Thanks to the exploits of The Boy on the word processor, the nascent blog post I wrote has been deleted.
Various experiments were performed by The Boy on a solitary sentence I had churned out after almost half an hour’s worth of staring at the screen when said boy decided to alter words here and there to check the various colours in which a spelling and grammar check was going to underline words.
Several minutes were spent finding words that were not words so that the underlining could happen effectively until we discovered that it isn’t easy to misspell words when you badly want to. Then fonts were changed and clip art inserted and magnified to fill the entire screen until the sentence was edited beyond recognition.
Hence, on the palimpsest of my poor, solitary sentence, having run out of ideas, I had no option but to regale you with stories by The Boy himself.
The Boy, being an only child, has to often entertain himself going round and round the room making car noises or hand movements that signify flashing lights and switches and a myriad other actions that are hard to figure out. It is only lately that I have understood that there are stories behind many of these actions when the boy has run to me during breaks from his studies with his mom and made clear that he is compelled to act out all these stories that he is a part of.
Eight, I realize, is a very curious age for storytelling, an act which requires us to move smoothly quite without apology between fantasy and reality. When The Boy was a baby, he had a wide-eyed belief in his baby stories about the little elephant and the old woman and the baby bear going to the market as reality.
At eight, he comes to us and relates something fantastic. On the rare occasion that the story is within the believable spectrum for adults, someone will be shocked and say “Oh really! This pen can do that?” or “Where did the lizard go?” and he will lower his voice and say michi michi (meaning make-believe) so we know to take his cue and go with the flow of accepting his fantasy as reality.
So here are two tales by The Boy himself:
Story 1: The Tape Measure King, Prop: Simple tape measure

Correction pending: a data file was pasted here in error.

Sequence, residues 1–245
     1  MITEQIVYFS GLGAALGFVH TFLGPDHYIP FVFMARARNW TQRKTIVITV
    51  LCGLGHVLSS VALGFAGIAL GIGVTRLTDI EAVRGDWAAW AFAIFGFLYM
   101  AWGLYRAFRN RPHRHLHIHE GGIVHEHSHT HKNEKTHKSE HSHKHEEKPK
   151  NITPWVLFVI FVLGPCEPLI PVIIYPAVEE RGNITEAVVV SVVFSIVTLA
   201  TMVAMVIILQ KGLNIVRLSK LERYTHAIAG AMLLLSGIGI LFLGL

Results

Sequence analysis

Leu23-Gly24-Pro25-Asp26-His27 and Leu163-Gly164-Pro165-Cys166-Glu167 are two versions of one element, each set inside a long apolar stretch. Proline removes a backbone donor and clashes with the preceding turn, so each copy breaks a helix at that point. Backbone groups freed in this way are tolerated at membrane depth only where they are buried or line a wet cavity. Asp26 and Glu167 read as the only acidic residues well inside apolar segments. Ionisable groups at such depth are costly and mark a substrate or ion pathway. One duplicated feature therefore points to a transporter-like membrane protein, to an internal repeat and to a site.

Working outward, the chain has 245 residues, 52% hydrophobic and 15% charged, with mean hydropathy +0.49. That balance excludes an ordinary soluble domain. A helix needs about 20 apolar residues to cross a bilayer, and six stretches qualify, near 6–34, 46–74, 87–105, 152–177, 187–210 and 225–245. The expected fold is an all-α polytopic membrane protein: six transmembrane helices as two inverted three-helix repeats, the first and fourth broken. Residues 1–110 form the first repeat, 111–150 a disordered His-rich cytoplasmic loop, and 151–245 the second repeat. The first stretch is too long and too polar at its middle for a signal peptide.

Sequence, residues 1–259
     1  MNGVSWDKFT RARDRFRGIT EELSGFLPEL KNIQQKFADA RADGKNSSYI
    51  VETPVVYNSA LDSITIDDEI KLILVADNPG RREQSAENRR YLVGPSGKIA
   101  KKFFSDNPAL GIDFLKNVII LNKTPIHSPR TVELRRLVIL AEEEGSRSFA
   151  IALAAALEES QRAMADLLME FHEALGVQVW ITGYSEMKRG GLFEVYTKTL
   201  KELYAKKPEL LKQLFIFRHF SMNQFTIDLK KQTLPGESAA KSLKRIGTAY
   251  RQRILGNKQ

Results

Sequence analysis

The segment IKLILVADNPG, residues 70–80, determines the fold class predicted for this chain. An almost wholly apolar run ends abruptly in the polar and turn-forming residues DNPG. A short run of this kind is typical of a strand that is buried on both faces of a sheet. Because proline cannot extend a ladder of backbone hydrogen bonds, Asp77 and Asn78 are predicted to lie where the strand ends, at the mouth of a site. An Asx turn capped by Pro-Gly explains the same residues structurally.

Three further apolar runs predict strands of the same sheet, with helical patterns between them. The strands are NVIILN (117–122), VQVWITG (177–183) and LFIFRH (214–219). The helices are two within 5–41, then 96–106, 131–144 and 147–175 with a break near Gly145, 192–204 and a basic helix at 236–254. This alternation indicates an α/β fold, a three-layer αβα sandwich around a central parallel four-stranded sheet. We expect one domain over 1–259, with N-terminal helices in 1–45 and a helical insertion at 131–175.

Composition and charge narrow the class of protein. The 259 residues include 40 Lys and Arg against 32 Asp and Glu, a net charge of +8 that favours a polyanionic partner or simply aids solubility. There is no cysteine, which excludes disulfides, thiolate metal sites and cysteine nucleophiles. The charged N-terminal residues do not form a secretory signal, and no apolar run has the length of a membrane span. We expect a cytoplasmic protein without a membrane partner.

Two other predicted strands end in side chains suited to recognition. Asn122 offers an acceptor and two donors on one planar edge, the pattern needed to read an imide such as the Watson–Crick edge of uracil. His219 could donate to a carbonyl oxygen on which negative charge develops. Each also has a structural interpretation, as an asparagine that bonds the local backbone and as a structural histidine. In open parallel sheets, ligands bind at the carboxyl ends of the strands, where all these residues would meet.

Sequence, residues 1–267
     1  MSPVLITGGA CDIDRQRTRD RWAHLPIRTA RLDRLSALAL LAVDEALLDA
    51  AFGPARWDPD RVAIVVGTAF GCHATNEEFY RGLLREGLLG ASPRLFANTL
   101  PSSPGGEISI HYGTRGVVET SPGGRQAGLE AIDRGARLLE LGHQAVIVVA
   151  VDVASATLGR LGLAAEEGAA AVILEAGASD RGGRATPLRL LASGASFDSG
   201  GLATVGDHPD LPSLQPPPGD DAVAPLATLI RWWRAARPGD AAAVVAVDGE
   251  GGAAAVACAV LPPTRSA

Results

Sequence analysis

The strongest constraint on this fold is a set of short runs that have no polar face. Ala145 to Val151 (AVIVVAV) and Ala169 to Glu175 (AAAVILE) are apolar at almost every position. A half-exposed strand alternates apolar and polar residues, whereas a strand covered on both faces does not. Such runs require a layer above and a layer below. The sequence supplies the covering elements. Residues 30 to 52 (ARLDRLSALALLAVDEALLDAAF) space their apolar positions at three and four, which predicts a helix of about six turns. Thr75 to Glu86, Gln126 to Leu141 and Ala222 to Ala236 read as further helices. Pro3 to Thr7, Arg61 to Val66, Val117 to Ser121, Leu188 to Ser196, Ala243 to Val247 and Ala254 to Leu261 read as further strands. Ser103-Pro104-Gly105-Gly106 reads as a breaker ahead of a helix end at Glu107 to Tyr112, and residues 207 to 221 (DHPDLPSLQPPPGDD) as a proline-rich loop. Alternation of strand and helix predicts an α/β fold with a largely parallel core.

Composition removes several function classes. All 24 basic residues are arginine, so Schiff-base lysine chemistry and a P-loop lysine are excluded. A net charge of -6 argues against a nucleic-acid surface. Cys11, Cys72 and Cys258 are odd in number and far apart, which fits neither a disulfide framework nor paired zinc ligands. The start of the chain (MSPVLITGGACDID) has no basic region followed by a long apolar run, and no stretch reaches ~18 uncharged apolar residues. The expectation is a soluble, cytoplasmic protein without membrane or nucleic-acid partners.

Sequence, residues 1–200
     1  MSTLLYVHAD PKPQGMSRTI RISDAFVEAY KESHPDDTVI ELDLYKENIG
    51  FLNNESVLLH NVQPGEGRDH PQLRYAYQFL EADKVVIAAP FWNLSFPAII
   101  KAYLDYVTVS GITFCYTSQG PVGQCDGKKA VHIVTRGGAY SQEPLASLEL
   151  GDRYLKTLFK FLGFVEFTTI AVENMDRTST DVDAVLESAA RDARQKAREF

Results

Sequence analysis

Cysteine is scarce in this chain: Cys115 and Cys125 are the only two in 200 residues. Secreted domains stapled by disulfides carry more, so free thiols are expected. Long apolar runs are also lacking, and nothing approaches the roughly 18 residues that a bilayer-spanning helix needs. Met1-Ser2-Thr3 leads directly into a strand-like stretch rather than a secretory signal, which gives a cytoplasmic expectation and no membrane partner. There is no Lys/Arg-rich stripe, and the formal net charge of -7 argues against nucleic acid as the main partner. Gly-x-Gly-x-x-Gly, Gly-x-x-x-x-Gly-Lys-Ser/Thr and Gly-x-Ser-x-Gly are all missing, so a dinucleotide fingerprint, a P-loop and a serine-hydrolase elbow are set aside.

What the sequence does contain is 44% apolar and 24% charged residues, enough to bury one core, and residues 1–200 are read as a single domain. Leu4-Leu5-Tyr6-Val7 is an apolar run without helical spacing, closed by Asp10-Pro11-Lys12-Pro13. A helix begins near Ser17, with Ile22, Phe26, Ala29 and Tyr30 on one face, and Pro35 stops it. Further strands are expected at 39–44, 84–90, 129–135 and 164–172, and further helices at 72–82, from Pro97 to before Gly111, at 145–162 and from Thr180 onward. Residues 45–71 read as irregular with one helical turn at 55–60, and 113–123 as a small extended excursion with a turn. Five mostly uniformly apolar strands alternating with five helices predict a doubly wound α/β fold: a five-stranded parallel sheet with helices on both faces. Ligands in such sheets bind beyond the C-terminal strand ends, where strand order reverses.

The Boy opens a drawer of stationary items that he has been forbidden to open and takes out a tape measure running wildly around the room for some time. He insists on measuring everyone’s waists including his own, narrowly misses tripping on the tape several times and then spots a word underneath the numeral 1 on the inches side.
“Look, look, it says Crown here.”
“Why does it say Crown here?”
“It’s probably the name of the company that manufactured this tape measure.”
The boy quickly slides his palm down the entire length of the tape, entangling himself in the process but reaching the other end.
He cannot contain his excitement.
“Look, look, the symbol of a crown!”
Indeed there is a small emblem of a crown with three sceptres. I’m about to say that this is perhaps the logo of the company which manufactured the tape when I see in The Boy’s shining eyes that this thought has occurred to him as well.
He suppresses this thought quickly though.
“Don’t be fooled by this tape measure. It isn’t a tape at all. The Wicked Witch has turned the King into a flat tape with a curse. The whole of him has become this tape measure but only the crown remained at one end.
But this isn’t the King. The Wicked Witch has taken the king-turned-tape and made millions of Xerox copies of him. This is only one of those copies. The original tape, which is the real King, lies somewhere hidden while these copies are in everyone’s houses. Yet, this crown and the tape is still the King.”
Story 2: The Magic Stick, Prop: Broken stick of a deadbolt
The workmen have put up several new doors in the house when one of the deadbolts has come off releasing the cylindrical metal stick inside. The stick is brown, smooth and heavy and about five inches long. This has fallen into the hands of The Boy.
Enter The Boy, running.
“Do you need a flashlight?”
Since it is broad daylight I am forced to say no.
“No, really. Do you need a flashlight inside water?”
I get a little hint. “Maybe. If it’s dark inside a waterfall.”
Lots of dancing around because The Boy knows now I am willing to play.
Click, click. Wizzzz . . . fzzzzzzz. . . zzzzzzz. Hand movements showing lighting of the bolt. Some dancing.
“This stick is magic. It lights up at one end. The flame is yellow and burns even in water. You can see right into the waterfall.”
“Really?” Mom enters the room and having been paying attention to the workmen, she only hears part of the conversation and thinks there’s really some new gadget in the house. ”What is it?”
“No, really,” says The Boy in a conspiratorial tone with a slightly embarrassed smile. But he isn’t so old as to privilege reality over fantasy yet.
So I ask, “Can I light the gas stove with this?”
“Yes, you can. But remember, the stick only lights at one end. And you can pray and ask for it to perform one magical act at a time but you have to ask before you use it. It can light up space, you can take it inside a cave, you can bore through ice and you can check your throat with it. But you can’t put out the light. You can’t pray for that.”
This is greeted with silence because I am rather more interested in where I misplaced my scrunchie than in boring through ice at the moment.
“So what magical act do you want it to perform now?” insists The Boy.
I realize my life has run out of magic. I cannot make any suggestions quickly. I am not eight.